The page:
Law, Politics, and Perception: How Policy Preferences Influence Legal Reasoning

Law, Politics, and Perception: How Policy Preferences Influence Legal Reasoning

by Eileen Braman

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Overview

Law, Politics, and Perception: How Policy Preferences Influence Legal Reasoning by Eileen Braman

Are judges' decisions more likely to be based on personal inclinations or legal authority? The answer, Eileen Braman argues, is both. Law, Politics, and Perception brings cognitive psychology to bear on the question of the relative importance of norms of legal reasoning versus decision markers' policy preferences in legal decision-making. While Braman acknowledges that decision makers' attitudes—or, more precisely, their preference for policy outcomes—can play a significant role in judicial decisions, she also believes that decision-makers' belief that they must abide by accepted rules of legal analysis significantly limits the role of preferences in their judgements. To reconcile these competing factors, Braman posits that judges engage in "motivated reasoning," a biased process in which decision-makers are unconsciously predisposed to find legal authority that is consistent with their own preferences more convincing than those that go against them. But Braman also provides evidence that the scope of motivated reasoning is limited. Objective case facts and accepted norms of legal reasoning can often inhibit decision makers' ability to reach conclusions consistent with their preferences.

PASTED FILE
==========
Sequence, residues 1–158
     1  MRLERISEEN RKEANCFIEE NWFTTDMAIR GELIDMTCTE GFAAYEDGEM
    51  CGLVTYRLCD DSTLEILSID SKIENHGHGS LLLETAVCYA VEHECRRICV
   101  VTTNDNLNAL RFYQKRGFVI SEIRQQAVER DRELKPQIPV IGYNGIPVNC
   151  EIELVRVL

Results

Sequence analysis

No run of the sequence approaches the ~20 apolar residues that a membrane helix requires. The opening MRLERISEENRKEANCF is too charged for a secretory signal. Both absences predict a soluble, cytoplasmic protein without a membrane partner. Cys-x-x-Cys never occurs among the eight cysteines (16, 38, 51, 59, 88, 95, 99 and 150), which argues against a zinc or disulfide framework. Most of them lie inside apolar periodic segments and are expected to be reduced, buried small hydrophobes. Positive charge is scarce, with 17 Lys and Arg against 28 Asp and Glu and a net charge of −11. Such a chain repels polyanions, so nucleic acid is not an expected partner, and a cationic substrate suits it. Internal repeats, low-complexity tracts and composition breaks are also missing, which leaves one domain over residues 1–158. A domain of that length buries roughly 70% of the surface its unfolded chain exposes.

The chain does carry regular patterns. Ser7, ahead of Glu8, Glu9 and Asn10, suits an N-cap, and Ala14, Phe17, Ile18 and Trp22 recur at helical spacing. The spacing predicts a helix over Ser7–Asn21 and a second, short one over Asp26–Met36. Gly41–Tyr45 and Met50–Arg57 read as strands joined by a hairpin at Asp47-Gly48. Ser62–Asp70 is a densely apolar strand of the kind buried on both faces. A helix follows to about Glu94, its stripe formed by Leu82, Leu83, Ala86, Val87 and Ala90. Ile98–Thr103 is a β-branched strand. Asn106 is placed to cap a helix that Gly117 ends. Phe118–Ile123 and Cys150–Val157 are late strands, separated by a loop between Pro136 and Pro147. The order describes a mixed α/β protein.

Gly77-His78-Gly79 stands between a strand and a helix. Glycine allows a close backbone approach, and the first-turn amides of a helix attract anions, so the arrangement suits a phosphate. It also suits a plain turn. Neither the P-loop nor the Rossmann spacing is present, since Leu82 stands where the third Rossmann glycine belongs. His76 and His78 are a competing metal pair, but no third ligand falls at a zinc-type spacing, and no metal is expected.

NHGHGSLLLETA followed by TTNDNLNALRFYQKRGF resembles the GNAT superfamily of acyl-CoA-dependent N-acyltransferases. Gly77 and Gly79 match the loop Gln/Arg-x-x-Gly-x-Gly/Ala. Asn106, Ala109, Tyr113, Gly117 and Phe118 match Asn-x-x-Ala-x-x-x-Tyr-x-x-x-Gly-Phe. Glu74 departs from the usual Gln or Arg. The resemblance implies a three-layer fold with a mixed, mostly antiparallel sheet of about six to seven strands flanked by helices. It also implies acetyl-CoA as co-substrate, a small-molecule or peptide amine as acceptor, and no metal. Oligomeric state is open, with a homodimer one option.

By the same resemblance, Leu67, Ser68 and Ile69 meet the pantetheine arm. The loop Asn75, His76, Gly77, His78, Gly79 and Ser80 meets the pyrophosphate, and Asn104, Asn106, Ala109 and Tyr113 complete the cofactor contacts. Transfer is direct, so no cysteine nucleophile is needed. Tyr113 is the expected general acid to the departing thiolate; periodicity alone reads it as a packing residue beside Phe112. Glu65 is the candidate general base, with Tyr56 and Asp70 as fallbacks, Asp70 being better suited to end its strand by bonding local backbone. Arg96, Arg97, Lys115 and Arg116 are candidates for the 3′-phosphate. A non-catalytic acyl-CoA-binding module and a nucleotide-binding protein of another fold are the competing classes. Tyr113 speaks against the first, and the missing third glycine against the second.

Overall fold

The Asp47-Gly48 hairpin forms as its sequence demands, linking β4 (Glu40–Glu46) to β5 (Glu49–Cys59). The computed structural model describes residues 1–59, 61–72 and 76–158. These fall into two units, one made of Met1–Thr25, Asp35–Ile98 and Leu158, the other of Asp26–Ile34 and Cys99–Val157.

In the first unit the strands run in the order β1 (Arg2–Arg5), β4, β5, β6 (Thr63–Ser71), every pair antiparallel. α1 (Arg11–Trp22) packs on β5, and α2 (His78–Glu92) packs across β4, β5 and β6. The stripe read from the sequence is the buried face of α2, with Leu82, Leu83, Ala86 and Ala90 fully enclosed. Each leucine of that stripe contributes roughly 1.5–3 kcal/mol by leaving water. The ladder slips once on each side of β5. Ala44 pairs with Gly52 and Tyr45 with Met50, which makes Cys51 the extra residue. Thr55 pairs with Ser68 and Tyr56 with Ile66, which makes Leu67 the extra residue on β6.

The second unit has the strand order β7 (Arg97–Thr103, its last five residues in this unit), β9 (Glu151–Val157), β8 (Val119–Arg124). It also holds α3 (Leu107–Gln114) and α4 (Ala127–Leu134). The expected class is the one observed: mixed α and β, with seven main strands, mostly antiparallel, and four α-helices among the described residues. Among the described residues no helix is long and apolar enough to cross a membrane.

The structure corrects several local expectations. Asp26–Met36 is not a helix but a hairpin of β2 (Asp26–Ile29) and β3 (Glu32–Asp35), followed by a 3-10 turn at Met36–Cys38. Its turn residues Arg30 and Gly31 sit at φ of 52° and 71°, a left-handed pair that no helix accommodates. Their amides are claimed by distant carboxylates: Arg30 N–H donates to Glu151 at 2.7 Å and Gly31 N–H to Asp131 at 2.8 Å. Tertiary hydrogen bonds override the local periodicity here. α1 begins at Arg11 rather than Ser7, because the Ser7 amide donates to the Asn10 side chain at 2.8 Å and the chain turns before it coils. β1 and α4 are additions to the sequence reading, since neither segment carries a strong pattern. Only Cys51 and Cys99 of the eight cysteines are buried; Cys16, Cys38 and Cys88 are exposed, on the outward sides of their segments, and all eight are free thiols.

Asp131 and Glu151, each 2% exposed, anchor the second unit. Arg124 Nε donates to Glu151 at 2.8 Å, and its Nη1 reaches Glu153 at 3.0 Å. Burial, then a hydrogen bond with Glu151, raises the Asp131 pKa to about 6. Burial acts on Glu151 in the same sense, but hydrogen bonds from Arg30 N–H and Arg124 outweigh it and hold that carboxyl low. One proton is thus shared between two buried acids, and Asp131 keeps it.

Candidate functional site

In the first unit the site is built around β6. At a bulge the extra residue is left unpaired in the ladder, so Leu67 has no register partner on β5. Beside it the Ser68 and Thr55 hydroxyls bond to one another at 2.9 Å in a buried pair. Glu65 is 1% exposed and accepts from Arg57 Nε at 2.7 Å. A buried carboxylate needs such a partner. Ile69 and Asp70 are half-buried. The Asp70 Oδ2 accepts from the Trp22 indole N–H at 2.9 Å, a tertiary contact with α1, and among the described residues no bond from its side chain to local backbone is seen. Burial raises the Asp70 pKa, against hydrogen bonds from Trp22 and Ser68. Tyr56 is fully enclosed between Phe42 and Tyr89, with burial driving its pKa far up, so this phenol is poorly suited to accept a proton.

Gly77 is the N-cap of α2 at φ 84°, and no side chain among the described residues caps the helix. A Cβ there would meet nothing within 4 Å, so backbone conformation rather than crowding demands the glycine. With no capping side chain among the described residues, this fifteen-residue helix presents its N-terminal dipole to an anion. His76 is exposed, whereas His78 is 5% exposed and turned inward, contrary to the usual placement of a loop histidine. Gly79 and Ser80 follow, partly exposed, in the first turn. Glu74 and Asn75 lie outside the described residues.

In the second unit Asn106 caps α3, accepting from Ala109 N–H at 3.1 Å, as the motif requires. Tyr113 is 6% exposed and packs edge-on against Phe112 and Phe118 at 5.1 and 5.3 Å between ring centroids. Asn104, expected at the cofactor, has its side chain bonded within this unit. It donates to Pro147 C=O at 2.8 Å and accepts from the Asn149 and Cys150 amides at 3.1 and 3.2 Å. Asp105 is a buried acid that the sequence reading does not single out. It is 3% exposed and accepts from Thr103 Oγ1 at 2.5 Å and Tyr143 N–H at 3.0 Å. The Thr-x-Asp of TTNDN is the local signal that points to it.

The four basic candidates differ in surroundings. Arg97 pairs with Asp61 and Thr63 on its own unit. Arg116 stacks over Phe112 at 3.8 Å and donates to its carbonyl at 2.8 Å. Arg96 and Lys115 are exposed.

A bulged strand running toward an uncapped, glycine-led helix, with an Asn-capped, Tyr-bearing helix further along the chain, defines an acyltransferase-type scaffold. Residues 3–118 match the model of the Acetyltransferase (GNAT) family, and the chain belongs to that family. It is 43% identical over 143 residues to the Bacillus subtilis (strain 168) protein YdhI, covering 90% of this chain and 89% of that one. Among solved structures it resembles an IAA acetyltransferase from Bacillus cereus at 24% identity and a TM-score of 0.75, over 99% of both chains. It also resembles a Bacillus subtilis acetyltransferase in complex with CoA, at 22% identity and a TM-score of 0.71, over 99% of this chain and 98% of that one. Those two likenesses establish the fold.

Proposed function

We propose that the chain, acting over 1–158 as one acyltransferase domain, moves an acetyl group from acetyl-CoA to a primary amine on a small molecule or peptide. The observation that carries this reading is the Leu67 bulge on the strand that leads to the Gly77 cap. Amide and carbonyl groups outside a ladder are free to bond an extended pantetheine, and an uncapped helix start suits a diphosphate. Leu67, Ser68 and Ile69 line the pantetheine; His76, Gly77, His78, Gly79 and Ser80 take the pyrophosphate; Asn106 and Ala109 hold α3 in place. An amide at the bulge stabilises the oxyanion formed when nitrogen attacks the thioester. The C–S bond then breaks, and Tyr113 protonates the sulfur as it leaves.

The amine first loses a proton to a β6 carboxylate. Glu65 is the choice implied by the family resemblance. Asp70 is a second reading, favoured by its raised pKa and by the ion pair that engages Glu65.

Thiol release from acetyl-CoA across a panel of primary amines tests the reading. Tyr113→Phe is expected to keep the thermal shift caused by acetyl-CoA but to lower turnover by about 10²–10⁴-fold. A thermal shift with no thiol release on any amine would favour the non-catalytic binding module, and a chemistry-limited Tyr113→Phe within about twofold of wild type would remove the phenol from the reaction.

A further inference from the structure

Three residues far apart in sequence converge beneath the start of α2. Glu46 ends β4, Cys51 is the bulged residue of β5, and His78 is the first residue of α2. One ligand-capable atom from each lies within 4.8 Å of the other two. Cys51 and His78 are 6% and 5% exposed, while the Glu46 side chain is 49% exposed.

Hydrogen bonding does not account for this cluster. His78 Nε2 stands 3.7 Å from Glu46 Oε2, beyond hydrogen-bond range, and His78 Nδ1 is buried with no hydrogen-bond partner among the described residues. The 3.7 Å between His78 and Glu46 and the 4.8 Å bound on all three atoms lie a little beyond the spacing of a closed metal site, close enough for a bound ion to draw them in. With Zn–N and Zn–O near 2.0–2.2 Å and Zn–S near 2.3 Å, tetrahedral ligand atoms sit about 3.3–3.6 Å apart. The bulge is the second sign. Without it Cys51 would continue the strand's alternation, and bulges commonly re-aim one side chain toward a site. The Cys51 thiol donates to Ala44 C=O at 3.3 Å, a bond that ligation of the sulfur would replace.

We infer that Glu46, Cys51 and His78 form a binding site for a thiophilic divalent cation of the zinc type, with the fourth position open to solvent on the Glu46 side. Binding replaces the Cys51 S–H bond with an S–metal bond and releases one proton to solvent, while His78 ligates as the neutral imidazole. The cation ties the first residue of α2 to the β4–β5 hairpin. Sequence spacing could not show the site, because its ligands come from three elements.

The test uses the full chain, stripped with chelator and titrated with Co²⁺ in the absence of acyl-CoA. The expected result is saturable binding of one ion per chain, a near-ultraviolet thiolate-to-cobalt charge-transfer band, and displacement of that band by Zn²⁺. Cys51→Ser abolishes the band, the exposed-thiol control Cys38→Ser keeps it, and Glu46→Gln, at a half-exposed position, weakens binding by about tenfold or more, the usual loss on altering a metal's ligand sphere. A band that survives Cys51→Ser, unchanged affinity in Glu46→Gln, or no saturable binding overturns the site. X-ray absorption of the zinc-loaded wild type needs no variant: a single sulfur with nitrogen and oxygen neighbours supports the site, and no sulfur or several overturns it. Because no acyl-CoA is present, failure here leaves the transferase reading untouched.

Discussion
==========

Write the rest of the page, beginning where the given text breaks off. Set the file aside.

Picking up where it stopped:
Product Details

ISBN-13: 9780813928371
Publisher: University of Virginia Press
Publication date: 10/29/2009
Series: Constitutionalism and Democracy
Sold by: Barnes & Noble
Format: NOOK Book
Pages: 256
File size: 901 KB
Age Range: 18 Years

About the Author

Eileen Braman is Assistant Professor in the Department of Political Science at Indiana University.

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